\[\begin{equation} f(\phi) = \frac{\Gamma(a_0+b_0)}{\Gamma(a_0)\Gamma(b_0)}\phi^{a_0-1} (1-\phi)^{b_0-1} \tag{2.3} \end{equation}\]

where \(a_0>0\) and \(b_0>0\) and are finite. See the vignette about the `dfba_beta_descriptive()`

function for more information about the beta distribution. With this prior, the posterior distribution via Bayes theorem from equation (2.2) results in the posterior distribution

\[\begin{equation} f(\phi| n_1,n_2) = \frac{\Gamma(a+b)}{\Gamma(a)\Gamma(b)}\phi^{a-1} (1-\phi)^{b-1} \tag{2.4} \end{equation}\]

where \(a=a_0+n_1\) and \(b=b_0+n_2\).^{1} Thus, if a beta distribution is the prior for the binomial \(\phi\) parameter, then the resulting posterior distribution from Bayes theorem is another member of the beta family of distributions. This property of the prior and posterior being in the same distributional family is called *conjugacy*. The beta distribution is a natural Bayesian conjugate function for all Bernoulli processes where the likelihood is proportional to \(\phi^{n_1}(1-\phi)^{n_2}\) (Lindley & Phillips, 1976; Chechile, 2020).

`dfba_binomial()`

FunctionA binomial analysis of data is easily implemented via the `dfba_binomial()`

function.^{2} The function takes the arguments `(n1, n2, a0 = 1, b0 = 1, prob_interval = .95)`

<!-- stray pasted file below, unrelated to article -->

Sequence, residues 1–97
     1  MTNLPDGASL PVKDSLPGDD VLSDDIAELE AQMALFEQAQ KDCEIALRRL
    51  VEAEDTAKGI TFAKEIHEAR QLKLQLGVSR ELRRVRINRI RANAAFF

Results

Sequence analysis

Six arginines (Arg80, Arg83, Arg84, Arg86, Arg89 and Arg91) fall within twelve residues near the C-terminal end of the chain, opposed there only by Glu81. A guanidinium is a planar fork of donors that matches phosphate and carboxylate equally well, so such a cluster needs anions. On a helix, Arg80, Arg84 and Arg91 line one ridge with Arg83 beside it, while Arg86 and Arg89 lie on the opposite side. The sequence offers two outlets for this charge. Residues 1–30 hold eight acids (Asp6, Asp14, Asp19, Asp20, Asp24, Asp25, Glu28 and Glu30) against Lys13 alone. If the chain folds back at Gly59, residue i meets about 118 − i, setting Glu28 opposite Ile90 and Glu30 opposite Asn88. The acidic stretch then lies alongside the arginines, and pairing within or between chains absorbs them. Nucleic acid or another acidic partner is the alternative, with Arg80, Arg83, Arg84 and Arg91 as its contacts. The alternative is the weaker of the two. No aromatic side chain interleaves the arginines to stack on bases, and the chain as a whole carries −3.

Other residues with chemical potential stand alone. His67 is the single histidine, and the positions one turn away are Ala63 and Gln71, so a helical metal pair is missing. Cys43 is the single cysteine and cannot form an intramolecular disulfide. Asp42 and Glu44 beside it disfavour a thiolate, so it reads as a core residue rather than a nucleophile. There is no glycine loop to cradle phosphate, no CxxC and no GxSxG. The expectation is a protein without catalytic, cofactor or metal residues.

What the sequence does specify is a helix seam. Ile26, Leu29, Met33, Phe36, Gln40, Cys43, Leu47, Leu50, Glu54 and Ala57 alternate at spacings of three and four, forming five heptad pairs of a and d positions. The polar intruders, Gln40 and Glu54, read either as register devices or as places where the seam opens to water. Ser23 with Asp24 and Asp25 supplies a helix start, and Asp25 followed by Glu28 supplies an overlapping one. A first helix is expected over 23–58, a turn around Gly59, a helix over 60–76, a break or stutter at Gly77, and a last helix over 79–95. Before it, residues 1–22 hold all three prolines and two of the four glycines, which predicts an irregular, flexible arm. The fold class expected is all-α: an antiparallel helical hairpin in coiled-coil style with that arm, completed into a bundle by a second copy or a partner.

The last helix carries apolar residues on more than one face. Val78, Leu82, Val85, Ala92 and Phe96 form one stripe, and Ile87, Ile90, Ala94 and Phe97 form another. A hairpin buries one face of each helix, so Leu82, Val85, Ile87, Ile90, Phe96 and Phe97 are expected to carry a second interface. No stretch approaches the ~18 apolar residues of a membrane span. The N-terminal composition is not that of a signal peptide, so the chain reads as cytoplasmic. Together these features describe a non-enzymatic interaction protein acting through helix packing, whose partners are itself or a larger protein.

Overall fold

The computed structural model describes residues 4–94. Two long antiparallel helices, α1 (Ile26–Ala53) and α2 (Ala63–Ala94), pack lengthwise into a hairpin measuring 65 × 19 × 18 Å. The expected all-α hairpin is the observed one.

. The `a0`

and `b0`

arguments have default values of \(1\). These arguments are the shape parameters for the prior beta distribution. When \(a_0 = b_0 = 1\), the beta density function is a flat density on the \([0,~1]\) interval. The `a0`

and `b0`

parameters are required to be positive, finite values. The `prob_interval`

argument has a default value of \(.95\). The required arguments for the `n1`

and `n2`

are the frequency values for responses in the two outcome categories. These quantities must be non-negative integer values.

For observed frequencies for \(n_1\) and \(n_2\) of, respectively, \(25\) and \(8\), using the default values for `a0`

, `b0`

, and `prob_interval`

arguments gives the following:

```
dfba_binomial(n1 = 25,
n2 = 8)
#> Prior and Posterior Beta Shape Parameters:
#> ========================
#> Prior Beta Shape Parameters
#> a0 b0
#> 1 1
#> Posterior Beta Shape Parameters:
#> a_post b_post
#> 26 9
#> Estimates of the Binomial Population Rate Parameter
#> ========================
#> Posterior Mean
#> 0.7428571
#> Posterior Median
#> 0.7475246
#> Posterior Mode
#> 0.7575758
#> 95% Equal-tail interval limits:
#> Lower Limit Upper Limit
#> 0.588292 0.8711826
#> 95% Highest-density interval limits:
#> Lower Limit Upper Limit
#> 0.598765 0.8792364
#>
#>
```

The `a_post`

and `b_post`

values shown above are shape parameters for the posterior beta. The output provides the *mean*, *median*, and *modal* estimates for the posterior \(\phi\) distribution, as well as the \(95\%\) equal-tail interval estimate and \(95\%\) highest-density interval.

The `plot()`

method produces visualizations of the the posterior and prior beta distributions (a visualization of the posterior distribution alone can be produced by including the argument `plot.prior = FALSE`